Tondo of 85.5 cm diameter (107 cm framed)
Signed "Helleu" at the bottom left. It appears in the ‘catalogue raisonné’ under the reference HU3-1128.
Price on request
Provenance: Gaston Palewski
This tondo was executed by Helleu around 1895 in autumn leave colours. It was painted in close proximity to Monet at a time when he was about to revolutionise painting with the Water Lilies (Nymphéas). This painting reveals a little-known yet tremendously innovative aspect of Helleu’s work.
1. Paul Helleu
In 1913 Robert de Montesquiou wrote in his book devoted to the painter: "Helleu was born in Vannes in 1859, of a Breton father and a Parisian mother". He hardly knew his father, who died when he was three years old, and was brought up entirely by his mother, who sent him to continue his studies at the Lycée Chaptal in Paris in 1873.
His discovery of Edouard Manet's Chemin de Fer at the 1874 Salon is reported to be at the origin of his artistic vocation. He worked against his mother's wishes in the studio of the painter Gérôme, also frequented by the painters Giovanni Boldini, Jean-Louis Forain and Antonio de La Gandara. Helleu became friends with John Singer Sargent, with whom he shared a studio for some time, as well as with Claude Monet (1840 - 1926) and Jacques Blanche (1861 - 1942), who accompanied him on a trip to England during which he met the painters Whistler and James Tissot.
When his mother cut off his pension to divert him from painting, Helleu worked in the workshop of the ceramist Théodore Beck, where he decorated ornamental ceramic medallions with women’s faces to pay for his studies at the Paris School of Fine Arts.
In 1884, the Louis-Guérin household commissioned him to paint a portrait of their daughter Alice, aged 14, which was to appear in the Salon of 1885 . Helleu fell madly in love with his model and wished to marry her. Her parents agreed to the wedding subject to three conditions: that it should only take place when Alice turned 16 (!), that she should finish her studies and that the newlyweds should live with them for two years.
From 1886 onwards, a series of happy events and successes followed: his marriage, followed by the birth of his first daughter Ellen in 1887, the participation in the Pastelists' Salon and the first exhibition of his drypoints in New York in 1889. His friendship with Robert de Montesquiou, whom he met in 1887, opened him the doors of the Parisian aristocracy. In 1891 he painted a series of portraits of Montesquiou’s cousin, the Countess Greffulhe, before meeting Marcel Proust in 1895, also thanks to Montesquiou. Proust took much of his inspiration from Helleu for the character of the painter Elstir in A la Recherche du Temps Perdu, a character whose name is said to be a clever alchemy between the names of Helleu and Whistler.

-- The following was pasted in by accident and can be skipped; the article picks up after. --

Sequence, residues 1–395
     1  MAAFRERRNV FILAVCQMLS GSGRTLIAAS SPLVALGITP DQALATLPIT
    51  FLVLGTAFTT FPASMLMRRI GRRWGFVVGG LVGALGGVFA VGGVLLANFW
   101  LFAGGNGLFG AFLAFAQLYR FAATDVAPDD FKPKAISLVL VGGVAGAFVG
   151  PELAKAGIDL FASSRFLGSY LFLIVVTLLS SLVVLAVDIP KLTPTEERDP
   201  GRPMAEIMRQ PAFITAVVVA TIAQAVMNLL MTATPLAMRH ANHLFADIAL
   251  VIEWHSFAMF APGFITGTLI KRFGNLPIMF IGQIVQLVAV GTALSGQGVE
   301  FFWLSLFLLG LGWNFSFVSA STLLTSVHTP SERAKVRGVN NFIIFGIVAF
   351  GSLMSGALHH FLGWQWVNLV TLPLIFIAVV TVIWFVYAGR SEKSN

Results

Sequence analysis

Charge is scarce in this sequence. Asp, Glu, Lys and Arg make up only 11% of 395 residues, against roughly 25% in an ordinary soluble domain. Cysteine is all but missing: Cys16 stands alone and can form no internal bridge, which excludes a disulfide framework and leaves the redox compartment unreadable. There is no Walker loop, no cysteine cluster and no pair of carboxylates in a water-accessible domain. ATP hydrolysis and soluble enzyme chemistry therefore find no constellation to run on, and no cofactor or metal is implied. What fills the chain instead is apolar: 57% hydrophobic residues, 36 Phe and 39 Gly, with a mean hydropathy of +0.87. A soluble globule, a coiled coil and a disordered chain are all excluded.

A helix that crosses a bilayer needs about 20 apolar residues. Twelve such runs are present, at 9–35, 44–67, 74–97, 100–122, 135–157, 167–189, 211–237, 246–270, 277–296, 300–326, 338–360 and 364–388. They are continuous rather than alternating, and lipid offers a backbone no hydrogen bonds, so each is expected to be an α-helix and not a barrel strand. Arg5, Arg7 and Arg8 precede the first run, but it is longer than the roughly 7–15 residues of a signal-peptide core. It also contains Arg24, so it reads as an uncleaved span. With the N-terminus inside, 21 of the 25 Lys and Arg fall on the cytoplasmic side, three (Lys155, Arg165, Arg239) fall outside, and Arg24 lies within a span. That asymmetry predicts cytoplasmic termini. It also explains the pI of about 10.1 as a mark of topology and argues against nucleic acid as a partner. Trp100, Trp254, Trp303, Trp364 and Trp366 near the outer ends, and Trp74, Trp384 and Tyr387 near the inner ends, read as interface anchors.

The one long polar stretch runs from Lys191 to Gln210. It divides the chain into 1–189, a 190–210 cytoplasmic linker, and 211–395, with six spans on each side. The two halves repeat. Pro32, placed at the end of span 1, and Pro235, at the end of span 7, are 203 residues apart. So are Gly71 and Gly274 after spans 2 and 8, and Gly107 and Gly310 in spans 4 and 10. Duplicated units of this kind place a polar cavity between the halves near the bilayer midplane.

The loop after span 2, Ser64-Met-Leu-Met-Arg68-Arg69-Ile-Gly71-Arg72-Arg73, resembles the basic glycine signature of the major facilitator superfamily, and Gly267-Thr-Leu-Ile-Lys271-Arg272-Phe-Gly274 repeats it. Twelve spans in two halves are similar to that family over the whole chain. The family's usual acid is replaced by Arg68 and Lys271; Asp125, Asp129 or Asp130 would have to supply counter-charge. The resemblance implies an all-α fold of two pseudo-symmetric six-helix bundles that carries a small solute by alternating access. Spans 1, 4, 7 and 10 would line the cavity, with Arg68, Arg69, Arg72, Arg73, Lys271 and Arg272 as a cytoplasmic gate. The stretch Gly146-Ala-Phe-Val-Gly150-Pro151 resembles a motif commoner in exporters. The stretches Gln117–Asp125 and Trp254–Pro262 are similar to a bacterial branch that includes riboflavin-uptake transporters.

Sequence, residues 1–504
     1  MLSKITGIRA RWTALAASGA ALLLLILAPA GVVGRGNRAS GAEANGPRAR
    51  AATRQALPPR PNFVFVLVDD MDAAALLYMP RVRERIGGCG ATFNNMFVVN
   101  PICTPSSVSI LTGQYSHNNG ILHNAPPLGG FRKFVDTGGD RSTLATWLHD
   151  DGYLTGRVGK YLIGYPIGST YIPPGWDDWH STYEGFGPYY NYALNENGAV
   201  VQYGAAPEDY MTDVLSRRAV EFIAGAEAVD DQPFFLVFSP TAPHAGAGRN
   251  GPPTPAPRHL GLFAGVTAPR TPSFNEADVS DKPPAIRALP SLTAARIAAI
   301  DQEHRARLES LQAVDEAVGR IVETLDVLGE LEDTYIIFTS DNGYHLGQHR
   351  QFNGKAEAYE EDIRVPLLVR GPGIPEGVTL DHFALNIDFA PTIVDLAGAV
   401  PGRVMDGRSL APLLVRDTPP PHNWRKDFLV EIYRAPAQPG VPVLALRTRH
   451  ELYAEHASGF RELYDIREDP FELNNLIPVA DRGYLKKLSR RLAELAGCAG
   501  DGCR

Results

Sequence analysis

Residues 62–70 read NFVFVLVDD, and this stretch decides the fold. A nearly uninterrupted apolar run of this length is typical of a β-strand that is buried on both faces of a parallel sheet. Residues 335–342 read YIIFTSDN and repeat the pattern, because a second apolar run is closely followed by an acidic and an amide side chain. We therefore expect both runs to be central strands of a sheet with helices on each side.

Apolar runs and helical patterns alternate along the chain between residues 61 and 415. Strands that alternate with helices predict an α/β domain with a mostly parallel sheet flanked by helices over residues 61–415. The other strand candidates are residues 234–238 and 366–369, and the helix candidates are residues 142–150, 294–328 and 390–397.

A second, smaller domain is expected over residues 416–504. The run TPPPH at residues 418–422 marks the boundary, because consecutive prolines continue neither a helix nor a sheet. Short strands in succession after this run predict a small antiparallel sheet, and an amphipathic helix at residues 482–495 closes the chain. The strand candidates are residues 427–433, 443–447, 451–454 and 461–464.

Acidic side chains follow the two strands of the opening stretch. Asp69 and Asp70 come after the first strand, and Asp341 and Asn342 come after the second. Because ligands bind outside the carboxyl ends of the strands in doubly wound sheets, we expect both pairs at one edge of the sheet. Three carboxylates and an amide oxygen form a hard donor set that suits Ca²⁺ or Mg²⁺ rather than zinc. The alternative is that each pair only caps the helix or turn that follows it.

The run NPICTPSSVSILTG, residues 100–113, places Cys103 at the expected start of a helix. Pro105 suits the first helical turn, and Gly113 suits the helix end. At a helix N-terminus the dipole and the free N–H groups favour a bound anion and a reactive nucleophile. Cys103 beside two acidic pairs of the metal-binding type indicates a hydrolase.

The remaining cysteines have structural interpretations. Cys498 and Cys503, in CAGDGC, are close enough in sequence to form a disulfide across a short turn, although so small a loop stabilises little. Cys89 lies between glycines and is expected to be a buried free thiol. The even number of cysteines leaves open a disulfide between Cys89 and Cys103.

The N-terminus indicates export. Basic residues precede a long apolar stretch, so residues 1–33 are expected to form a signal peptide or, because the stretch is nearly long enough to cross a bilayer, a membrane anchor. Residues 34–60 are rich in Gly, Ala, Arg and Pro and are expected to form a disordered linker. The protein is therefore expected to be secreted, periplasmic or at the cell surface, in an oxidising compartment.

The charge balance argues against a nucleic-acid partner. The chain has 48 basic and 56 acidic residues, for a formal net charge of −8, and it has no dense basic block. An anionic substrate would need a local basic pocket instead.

Helleu by then was at the peak of his art and multiplied female portraits, alternating between drypoint, pastels, three-colour pencil drawings whose technique had been inspired by Watteau's, and oil paintings. Commissions for his women’s portraits came from the Parisian High Society as well as from England and the United States, allowing the painter to choose his models.
In parallel to this career as a portrait painter, Helleu produced two large series of paintings concomitantly to Claude Monet's own artistic researches. Since their meeting in 1876, Monet had become a great friend of Helleu (despite an age difference of almost twenty years), and Helleu was one of the two witnesses (the other being the painter Gustave Caillebotte) when Monet, having become a widower, remarried Alice Hoschedé in 1892.
Helleu’s first series was the Cathedrals series, which he began in 1892. While Monet worked in front of the Rouen Cathedral, scrutinising from a fixed point the play of light on the portal, hour after hour and day after day, Helleu was interested in the representation of the cathedrals’ interiors and in particular in the diffusion of light from the stained-glass panels. In 1894 he began outdoor paintings in the park of Versailles. In the description of our painting, we will see how this series can be related to Monet's Water Lilies.
Thanks to his success, Helleu became a real dandy and devoted himself to his passion for yachting. His taste in interior decoration had a lasting influence, since it was Helleu who came up with the idea of abandoning the dark decorations that were so popular at the end of the nine-tenth century for white painted walls, enlivened by the soft glow of golden wooden frames.